I think I am supposed to feel, or know, or understand that death is natural. Clearly, it is part of life, and I will lose people, continually, for the rest of my own life. Apparently it is natural.
But this is my first experience in losing a friend. Let alone a friend who was also a mentor and like a big brother. A guy whom I would not hesitate to call a hero.
He stretched the elastic of pure goodness so far, and the scope at which his goodness pulled was so deep and penetrating into my life (our lives!) that his absence feels like an UN-natural release of tension. A snapping away from the world, so extreme, that the sting is acutely painful.
I hurt so badly from his sudden absence and I resent the fact that he is now regulated to the part of my brain that holds memories. I don’t get to see him, I don’t get to learn from him, I don’t get to share him with the rest of my family, I don’t get to include him in my future plans. If you have met him, you know why this seems like such a big deal. The dude is goodness personified. That simply isn’t something I want ripped away from my life.
I don’t want him to be a memory. But for all my crying, I am able to smile, now, at the incredible goodness of my memories of him.
When I was a child, and into my late teens, I lived on the edge of a forest in a large valley amidst the foothills of the Olympic Mountains. There, I played alone in the woods almost exclusively. I knew the forest well. I had a very distinct stomping ground. I kept my exploration to a very specific area of the forest. I knew that area as well as any person could. As you can imagine, my fondness for the trees, the gulley, the stream, and the many forts I had built up in that space was immense. So was my knowledge of the area.
I clocked in many, many hours, exploring and playing and enjoying the space. I made plans. “One day, I will camp on that mossy spot.” “One day I will show my wife this great patch of wild flowers that bloom and grow in that sunny spot each year.” I always wanted to show people my rope swings, my footbridge, the old fallen down log that crossed the ravine and was covered in moss. There was an old stump I always used to shoot bottles with my pellet gun. My plans for the area were as rich as my knowledge and memory of its space. It was a big space. And it was mine.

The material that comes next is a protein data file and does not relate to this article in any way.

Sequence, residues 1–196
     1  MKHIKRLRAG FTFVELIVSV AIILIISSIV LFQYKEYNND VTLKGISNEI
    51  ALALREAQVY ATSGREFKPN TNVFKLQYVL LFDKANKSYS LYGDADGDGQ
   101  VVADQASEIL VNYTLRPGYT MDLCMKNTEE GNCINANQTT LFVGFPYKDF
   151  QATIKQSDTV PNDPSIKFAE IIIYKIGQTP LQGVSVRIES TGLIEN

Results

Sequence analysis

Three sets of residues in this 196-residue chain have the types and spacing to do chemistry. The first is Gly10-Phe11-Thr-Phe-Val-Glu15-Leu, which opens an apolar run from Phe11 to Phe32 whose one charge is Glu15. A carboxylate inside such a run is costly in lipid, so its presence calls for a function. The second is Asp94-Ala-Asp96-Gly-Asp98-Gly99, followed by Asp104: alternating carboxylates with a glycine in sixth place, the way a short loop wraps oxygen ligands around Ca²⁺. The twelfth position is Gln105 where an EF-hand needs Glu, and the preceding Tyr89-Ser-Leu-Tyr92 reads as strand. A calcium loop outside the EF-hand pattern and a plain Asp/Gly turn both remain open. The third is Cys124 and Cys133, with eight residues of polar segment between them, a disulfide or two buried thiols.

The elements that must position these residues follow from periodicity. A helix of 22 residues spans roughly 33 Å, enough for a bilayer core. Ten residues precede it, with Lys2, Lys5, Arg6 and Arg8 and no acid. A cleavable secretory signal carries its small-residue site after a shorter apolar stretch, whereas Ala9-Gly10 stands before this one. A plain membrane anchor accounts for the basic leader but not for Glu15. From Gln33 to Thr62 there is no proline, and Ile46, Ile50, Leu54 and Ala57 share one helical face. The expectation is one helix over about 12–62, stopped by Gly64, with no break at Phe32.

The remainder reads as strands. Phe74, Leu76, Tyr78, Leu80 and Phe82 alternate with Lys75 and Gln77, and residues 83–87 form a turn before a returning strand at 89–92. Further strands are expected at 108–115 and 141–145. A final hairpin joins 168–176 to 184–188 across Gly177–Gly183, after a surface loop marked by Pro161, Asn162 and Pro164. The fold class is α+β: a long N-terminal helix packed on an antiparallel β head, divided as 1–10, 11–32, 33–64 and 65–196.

When I left home to work for the puppet company in Texas in 1997, I left my forest. I was 19 years old. During that first year away, the State leased some land to a logging company. While I was away from that place I know and love so well, each and every tree I was familiar with, every location, everything, was logged entirely in one sweeping clear-cut.
To this day, I wake up from time to time with a quickly diminishing smile as I realize that I was only dreaming when I was walking through my woods again. I really, really, really, want to go back to that place. But it simply isn’t possible. To make it sting even worse, the logging company only logged EXACTLY in the space that was my stomping ground. Nothing else was touched, by sheer coincidence, the land lease was a specific, direct, and precise ripping away of only that space that I held dear on that mountain. 19 years of knowing it well, and now I must live the remainder of my life never knowing it again.
I went back there last year. My older sister purchased our old house. I went for a walk. It wasn’t easy. The clear cut process leaves a huge mess. The new saplings are all deciduous and much more intrusive on the landscape than the old tall evergreens. The paths, trails, and routes I used to take are gone. Tractors and trucks have dug up the landscape, and uprooted stumps and eratic underbrush litter the landscape. There is no shade, and erosion has destroyed whatever charm might have been left. It’s a sad ugly place now.